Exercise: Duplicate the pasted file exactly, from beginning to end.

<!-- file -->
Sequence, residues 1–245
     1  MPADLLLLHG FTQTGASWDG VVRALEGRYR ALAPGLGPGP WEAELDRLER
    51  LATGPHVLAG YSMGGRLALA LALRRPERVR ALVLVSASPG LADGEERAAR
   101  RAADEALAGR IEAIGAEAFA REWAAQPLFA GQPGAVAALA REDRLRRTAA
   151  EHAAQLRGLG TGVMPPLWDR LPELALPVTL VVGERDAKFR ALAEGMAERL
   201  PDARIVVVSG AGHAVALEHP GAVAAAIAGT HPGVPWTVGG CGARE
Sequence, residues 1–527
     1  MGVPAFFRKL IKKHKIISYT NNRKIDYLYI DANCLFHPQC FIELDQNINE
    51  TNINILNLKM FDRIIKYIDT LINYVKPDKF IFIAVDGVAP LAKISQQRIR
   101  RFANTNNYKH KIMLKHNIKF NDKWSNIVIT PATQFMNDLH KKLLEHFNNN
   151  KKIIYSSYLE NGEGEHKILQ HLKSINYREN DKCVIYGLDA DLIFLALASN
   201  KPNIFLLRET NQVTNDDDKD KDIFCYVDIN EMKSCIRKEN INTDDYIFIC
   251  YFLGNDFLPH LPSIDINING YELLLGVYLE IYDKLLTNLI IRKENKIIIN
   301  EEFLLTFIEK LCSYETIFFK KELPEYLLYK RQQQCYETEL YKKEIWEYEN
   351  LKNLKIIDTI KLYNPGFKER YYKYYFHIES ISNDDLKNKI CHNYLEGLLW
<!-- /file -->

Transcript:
Sequence, residues 1–245
     1  MPADLLLLHG FTQTGASWDG VVRALEGRYR ALAPGLGPGP WEAELDRLER
    51  LATGPHVLAG YSMGGRLALA LALRRPERVR ALVLVSASPG LADGEERAAR
   101  RAADEALAGR IEAIGAEAFA REWAAQPLFA GQPGAVAALA REDRLRRTAA
   151  EHAAQLRGLG TGVMPPLWDR LPELALPVTL VVGERDAKFR ALAEGMAERL
   201  PDARIVVVSG AGHAVALEHP GAVAAAIAGT HPGVPWTVGG CGARE
Sequence, residues 1–527
     1  MGVPAFFRKL IKKHKIISYT NNRKIDYLYI DANCLFHPQC FIELDQNINE
    51  TNINILNLKM FDRIIKYIDT LINYVKPDKF IFIAVDGVAP LAKISQQRIR
   101  RFANTNNYKH KIMLKHNIKF NDKWSNIVIT PATQFMNDLH KKLLEHFNNN
   151  KKIIYSSYLE NGEGEHKILQ HLKSINYREN DKCVIYGLDA DLIFLALASN
   201  KPNIFLLRET NQVTNDDDKD KDIFCYVDIN EMKSCIRKEN INTDDYIFIC
   251  YFLGNDFLPH LPSIDINING YELLLGVYLE IYDKLLTNLI IRKENKIIIN
   301  EEFLLTFIEK LCSYETIFFK KELPEYLLYK RQQQCYETEL YKKEIWEYEN
   351  LKNLKIIDTI KLYNPGFKER YYKYYFHIES ISNDDLKNKI CHNYLEGLLW